Unclutter Your Church
What needs to die in your church? We begin the journey of restarting your church by allowing for, even encouraging, places of death. We choose to have a memorial service for what worked in the past, to honor the prior period of time, and to make a decision to move forward. We choose to let the past set us free to fly, instead of letting the past become a shackle that chains us to a certain way of doing things.
Look around you with fresh eyes, and you will see obvious signs of the past still trying to shackle life in your church. The first thing I see in reStart churches is clutter. Enormous amounts of clutter and disorganization. Clutter that looks like hoarding.
In my current church, we spent my first year clearing out massive amounts of clutter. One day early in my tenure I walked into the nursry where the children are cared for during Sunday morning, and there was an aisle to walk through that led to a station with toys in the back of the room. The first thing I saw when I stepped into the room was a big sign that read “Do Not Come in Here without an adult!” I understood the sign because the area really was a danger zone. The “aisle” was actually a little path that cut through tall stacks of equipment, papers, toys, boxes, books, and papers. There was so much stuff crammed into the room that it was massively depressing.
As we began cleaning out the nursery, we found old vacation Bible school papers from four decades prior. While they were fascinating to see in a memorabilia sort of way, they weren’t doing any good stacked in boxes and cluttered piles in the nursery. As we began throwing this stuff away, there was a lot of pain around letting it go. The people worried that they might need that curriculum, since it was expensive to buy new VBS materials. They thought perhaps we needed to store it somewhere, just in case it might be needed.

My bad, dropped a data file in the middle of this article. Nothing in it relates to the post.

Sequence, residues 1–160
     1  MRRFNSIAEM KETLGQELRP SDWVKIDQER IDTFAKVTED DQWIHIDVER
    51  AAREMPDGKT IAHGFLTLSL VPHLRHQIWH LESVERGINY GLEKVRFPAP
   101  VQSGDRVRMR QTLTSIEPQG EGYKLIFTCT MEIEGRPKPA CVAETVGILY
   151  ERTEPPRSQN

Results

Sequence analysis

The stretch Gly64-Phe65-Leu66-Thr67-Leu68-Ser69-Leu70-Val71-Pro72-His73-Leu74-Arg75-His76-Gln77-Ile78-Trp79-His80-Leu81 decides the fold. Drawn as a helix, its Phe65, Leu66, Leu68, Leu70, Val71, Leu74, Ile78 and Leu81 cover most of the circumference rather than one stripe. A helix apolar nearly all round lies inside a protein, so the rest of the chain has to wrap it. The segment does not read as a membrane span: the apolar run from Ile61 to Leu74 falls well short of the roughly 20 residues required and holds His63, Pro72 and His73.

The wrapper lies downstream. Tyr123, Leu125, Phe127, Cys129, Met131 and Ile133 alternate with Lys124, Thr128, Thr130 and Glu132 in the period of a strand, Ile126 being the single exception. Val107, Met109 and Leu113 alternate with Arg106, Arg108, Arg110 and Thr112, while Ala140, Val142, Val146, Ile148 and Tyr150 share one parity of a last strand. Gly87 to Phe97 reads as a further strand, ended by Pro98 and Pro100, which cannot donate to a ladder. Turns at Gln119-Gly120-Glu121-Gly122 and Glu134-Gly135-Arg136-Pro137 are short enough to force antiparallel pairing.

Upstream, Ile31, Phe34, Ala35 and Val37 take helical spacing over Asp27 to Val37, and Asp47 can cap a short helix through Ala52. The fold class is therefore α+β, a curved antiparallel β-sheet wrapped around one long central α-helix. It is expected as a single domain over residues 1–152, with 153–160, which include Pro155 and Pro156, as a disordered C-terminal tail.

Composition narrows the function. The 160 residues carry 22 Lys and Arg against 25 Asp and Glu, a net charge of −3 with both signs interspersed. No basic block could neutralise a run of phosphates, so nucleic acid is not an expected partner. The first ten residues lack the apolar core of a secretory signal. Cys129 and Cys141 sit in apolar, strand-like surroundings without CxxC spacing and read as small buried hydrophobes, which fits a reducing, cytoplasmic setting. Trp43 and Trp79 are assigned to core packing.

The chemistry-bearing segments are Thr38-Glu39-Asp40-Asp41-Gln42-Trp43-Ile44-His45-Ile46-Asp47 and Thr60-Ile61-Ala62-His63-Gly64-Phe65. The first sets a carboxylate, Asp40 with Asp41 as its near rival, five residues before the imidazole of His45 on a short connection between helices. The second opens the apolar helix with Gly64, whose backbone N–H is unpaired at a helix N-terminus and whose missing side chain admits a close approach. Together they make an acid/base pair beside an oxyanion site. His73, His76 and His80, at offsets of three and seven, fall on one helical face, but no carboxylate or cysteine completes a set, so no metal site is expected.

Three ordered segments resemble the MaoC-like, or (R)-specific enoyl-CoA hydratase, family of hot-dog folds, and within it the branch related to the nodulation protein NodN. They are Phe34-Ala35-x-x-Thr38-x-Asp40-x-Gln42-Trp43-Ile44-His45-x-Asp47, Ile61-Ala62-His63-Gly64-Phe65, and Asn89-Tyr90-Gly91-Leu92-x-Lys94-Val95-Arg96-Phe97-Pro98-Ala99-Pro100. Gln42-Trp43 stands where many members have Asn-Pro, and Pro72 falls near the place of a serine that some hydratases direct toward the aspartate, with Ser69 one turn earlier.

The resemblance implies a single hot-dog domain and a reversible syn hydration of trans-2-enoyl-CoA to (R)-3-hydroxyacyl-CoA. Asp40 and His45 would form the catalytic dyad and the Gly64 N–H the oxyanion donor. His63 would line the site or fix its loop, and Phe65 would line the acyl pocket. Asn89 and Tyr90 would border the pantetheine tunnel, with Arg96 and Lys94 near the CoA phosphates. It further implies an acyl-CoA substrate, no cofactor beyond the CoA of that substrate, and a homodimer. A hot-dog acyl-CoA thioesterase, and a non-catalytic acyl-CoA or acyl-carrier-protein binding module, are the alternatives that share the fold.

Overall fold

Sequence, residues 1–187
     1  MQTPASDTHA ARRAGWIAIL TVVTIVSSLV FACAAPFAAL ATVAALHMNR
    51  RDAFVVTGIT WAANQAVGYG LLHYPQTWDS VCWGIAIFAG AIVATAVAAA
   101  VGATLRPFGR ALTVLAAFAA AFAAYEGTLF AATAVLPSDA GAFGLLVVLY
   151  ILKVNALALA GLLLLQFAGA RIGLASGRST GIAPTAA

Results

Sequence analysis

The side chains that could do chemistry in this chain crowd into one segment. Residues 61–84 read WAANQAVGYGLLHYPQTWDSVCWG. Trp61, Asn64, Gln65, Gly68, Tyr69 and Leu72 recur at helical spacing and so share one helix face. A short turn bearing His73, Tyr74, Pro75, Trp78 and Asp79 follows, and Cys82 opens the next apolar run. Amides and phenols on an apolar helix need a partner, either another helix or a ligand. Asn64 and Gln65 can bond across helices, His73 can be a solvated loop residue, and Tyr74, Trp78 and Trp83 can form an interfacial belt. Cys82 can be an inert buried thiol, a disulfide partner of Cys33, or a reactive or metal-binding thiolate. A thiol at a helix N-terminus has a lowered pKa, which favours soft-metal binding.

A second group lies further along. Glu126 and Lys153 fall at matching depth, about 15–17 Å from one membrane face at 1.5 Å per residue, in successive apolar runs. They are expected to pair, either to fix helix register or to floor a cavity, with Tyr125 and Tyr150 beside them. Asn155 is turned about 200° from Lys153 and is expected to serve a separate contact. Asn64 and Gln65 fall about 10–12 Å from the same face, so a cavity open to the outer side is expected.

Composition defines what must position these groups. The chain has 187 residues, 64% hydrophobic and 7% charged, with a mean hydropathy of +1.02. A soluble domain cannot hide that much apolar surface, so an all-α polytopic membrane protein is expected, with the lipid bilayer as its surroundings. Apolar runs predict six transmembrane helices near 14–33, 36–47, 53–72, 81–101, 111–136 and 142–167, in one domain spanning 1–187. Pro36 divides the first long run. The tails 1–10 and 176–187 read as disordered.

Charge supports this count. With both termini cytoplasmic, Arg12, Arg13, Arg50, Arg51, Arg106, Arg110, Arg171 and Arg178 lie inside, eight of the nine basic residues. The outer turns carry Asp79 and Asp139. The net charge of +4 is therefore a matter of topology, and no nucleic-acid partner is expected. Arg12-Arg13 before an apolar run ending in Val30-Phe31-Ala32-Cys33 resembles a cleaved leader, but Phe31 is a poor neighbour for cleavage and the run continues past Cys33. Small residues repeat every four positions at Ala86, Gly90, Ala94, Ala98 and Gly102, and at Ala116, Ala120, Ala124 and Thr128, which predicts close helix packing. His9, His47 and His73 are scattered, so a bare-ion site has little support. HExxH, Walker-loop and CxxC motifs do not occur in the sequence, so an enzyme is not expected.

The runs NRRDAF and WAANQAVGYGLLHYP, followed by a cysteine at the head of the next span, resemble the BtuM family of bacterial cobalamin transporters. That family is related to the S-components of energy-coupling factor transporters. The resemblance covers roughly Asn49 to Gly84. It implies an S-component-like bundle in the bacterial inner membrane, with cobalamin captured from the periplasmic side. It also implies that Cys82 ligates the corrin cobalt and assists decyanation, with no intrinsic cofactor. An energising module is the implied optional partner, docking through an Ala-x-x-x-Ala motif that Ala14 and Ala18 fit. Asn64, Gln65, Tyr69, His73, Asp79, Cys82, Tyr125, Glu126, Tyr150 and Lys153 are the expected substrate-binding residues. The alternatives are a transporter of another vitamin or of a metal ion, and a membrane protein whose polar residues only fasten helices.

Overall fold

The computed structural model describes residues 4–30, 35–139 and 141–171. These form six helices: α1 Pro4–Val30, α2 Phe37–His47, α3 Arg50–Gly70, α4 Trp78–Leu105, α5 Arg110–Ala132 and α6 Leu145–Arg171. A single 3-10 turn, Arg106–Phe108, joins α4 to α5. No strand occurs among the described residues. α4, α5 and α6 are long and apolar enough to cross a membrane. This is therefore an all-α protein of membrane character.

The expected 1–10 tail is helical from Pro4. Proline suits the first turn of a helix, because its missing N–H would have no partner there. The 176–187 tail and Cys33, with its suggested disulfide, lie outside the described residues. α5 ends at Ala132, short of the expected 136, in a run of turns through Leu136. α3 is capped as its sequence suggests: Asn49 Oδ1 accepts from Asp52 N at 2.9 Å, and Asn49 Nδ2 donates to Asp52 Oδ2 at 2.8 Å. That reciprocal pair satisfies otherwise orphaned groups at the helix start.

They groaned, grieved, held tight, and fought as we all pried our fingers off the stuff of our history.
Some churches may not have literal clutter but rather institutional or habitual clutter. “We’ve always done it this way” is a common statement about clutter. “I can’t worship without my hymn … my cross … my pew” are declarations of a cluttered soul. The only One we worship is God. We don’t worship our stuff, our memories, our dreams, our dashed hopes, or our traditions. We worship our God. We worship the One who knows how to raise up a king from a person who starts out hiding among the baggage.
There is hope for us. We may have surrounded ourselves with things that were once comforting and are now binding, but God still can choose us to lead the way forward. There’s hope for clutterdwellers, hoarders, and memory-storers. There’s hope for the fearful ones who hold on with clenched hands. There’s hope because God can make a way.
Remember the words of remembrance called the Shema, which centered the people of Israel: “Israel, listen! Our God is the Lord! Only the LORD! Love the LORD your God with all your heart, all your being, and all your strength” (Deuteronomy 6:4-5).
The people were first admonished, encouraged to hear, to open up their ears to receive the sounds of the message. And the message was one of great love. Love God fully and wholly and completely. Love God with great strength.
But instead, when we describe our churches, we speak out words that show the soul’s depressed state. These words are sounds of hopelessness. We come at people, including ourselves, reminding everyone of our faults, as if we have no recognition of the beauty among us. I have done this.
But faith requires hearing, and hearing requires faith in God. When we speak, what story do we tell ourselves, and others? Is it the story of our failings, or the story of how God met us in our failure and showed something new and beautiful among us?
What is your church beautiful at? Does it sound beautiful when it sings? Is it beautiful in community? Is it a beautiful place for mission? What is your church’s beauty, and how can you shout out the good, while changing the not-so-good?
Dottie Escobedo-Frank is pastor of Crossroads United Methodist Church in Phoenix, Arizona. This article is adapted from her latest book, ReStart Your Church (Abingdon Press, 2012), available from Cokesbury.com and Amazon.com. Used by permission.